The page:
The Obama team has done much to reverse these public opinion patterns. And according to one research study that uses the same tools that consultants use to value corporate brands, the “Obama effect” was estimated to have raised the value of ‘Brand America’ by $2.1 trillion (Dh7.71 trillion) in the first year of his presidency alone.
This reflected the substantial increase in foreigners regarding the US as the most admired country in the world again following the Bush presidency. And this turnaround in fortunes was not only been welcomed in Washington but also in Corporate America following concerns during the Bush years that US-headquartered multinationals were becoming a focus for commercial backlash from anti-Americanism.
However, despite these successes, Obama’s progress has been uneven in the last eight years. Perhaps the biggest failure of Obama’s global public diplomacy has been toward what he has called the Islamic world. Despite the early promise of his Cairo speech in his first term in which he sought to reset US relations with Muslim-majority countries, there remain pockets of very high anti-Americanism in several key states, including Pakistan and Egypt, which the president has failed to substantially address.
While Trump was criticised during the campaign by audiences across much of the globe, it is in the so-called Islamic world where the risks to Brand America are potentially highest. For instance, his previous plans to “shut down” immigration from all Muslims have been called “unacceptable... an insult to our religion” in the UAE, while Egypt’s top religious authority decried his “hostile view of Islam and Muslims”.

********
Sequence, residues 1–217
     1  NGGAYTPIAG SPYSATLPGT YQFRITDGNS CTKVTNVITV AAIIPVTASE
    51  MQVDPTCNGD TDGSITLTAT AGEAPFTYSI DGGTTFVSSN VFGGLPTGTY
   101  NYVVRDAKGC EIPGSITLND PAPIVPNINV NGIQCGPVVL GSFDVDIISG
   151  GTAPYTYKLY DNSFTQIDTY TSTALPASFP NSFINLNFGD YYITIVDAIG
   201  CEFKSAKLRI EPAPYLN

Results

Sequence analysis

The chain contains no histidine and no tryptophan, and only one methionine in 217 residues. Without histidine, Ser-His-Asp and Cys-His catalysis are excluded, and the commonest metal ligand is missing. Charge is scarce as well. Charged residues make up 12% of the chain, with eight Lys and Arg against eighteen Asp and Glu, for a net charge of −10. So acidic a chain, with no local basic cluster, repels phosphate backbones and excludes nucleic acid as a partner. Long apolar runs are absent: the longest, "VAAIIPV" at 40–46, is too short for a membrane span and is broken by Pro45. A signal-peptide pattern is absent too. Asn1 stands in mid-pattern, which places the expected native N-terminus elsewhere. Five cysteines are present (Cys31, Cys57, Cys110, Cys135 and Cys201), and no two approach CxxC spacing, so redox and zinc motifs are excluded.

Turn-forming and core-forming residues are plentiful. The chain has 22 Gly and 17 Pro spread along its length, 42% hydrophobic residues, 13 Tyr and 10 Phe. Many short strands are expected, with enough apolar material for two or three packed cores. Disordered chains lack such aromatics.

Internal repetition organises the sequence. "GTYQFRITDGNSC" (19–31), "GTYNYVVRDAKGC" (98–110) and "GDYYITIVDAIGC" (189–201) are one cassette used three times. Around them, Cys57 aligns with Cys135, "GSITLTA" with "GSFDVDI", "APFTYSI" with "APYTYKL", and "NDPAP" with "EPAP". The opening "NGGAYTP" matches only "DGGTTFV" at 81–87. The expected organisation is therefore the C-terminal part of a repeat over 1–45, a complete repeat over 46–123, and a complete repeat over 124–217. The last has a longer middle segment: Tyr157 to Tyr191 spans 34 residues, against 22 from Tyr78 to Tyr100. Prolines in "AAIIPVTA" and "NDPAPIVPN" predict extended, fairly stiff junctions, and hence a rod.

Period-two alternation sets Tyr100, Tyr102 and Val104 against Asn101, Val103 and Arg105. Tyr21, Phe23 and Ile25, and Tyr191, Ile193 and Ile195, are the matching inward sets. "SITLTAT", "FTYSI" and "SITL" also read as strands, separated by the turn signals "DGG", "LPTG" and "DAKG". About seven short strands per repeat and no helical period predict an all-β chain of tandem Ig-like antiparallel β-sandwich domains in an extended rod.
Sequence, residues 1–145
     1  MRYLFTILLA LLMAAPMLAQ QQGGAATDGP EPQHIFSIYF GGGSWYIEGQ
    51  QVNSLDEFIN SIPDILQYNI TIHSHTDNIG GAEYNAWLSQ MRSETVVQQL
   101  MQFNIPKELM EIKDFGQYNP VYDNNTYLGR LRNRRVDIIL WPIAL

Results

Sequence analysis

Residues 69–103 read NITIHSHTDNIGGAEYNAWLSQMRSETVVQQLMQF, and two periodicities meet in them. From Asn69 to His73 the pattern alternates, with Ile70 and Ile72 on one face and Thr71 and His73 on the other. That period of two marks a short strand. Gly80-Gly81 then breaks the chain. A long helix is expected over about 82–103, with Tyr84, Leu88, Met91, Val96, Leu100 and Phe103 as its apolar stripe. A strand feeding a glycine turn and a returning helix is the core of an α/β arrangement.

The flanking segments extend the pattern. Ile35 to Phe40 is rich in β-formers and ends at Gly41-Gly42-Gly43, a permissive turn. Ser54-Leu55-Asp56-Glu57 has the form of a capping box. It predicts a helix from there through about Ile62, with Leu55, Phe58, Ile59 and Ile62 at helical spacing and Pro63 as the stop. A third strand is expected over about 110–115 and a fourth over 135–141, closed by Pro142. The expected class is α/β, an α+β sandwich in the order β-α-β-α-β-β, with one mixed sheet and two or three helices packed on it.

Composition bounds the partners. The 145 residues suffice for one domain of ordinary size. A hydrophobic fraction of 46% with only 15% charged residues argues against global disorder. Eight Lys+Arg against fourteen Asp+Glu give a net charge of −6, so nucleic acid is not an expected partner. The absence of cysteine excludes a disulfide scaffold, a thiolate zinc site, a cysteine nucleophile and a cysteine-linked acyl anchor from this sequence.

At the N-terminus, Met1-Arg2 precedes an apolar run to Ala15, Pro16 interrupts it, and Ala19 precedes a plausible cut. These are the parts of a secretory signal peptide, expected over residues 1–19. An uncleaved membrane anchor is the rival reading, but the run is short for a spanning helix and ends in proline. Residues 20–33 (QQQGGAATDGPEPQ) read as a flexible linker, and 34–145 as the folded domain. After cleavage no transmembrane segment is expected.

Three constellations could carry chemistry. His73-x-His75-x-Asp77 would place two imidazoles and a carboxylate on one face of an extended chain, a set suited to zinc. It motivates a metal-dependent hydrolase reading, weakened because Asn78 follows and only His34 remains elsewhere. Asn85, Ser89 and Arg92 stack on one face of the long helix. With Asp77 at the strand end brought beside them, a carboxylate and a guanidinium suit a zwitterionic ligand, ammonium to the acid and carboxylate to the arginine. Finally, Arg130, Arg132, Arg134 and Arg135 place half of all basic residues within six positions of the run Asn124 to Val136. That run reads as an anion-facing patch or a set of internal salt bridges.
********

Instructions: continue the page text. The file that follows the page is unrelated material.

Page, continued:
US public diplomacy problems, however, are not just restricted to Muslim-majority countries. Many internationally, for instance, have been disappointed by Obama’s failure to close Guantanamo Bay, and there is significant foreign unease about increased US use of drone strikes during his presidency.
It is in this context that foreigners are viewing Trump’s elevation to the presidency. And it appears possible that global opinion could possibly be even more hostile to him than Bush, highlighting the downside risks for Brand America.
The risk is heightened by the fact that Clinton was much more favoured than Trump by foreign audiences to be the next US president, partly because she was perceived as the ‘continuity candidate’ for the Obama administration. She was, for instance, the stand-out winner, in a poll of nearly 50,000 people in 45 countries, covering 75 per cent of the world, by WIN/ Gallup International Association. The survey found Clinton was favoured (often strongly) over Trump in all but one country, Russia.
These results were very similar to those by Handelsblatt that were taken with some 20,000 people in the G20 countries. Once again, Russia was the only state where Trump bested Clinton.
Taken overall, Trump has potential to be one of the least popular ever US president overseas. While Brand America has rebounded under Obama, there are now significant downside risks for the US reputation overseas should the new president-elect return to the sometimes wild rhetoric and controversial policy positions of his campaign.
Andrew Hammond is an Associate at LSE IDEAS (the Centre for International Affairs, Diplomacy and Strategy) at the London School of Economics.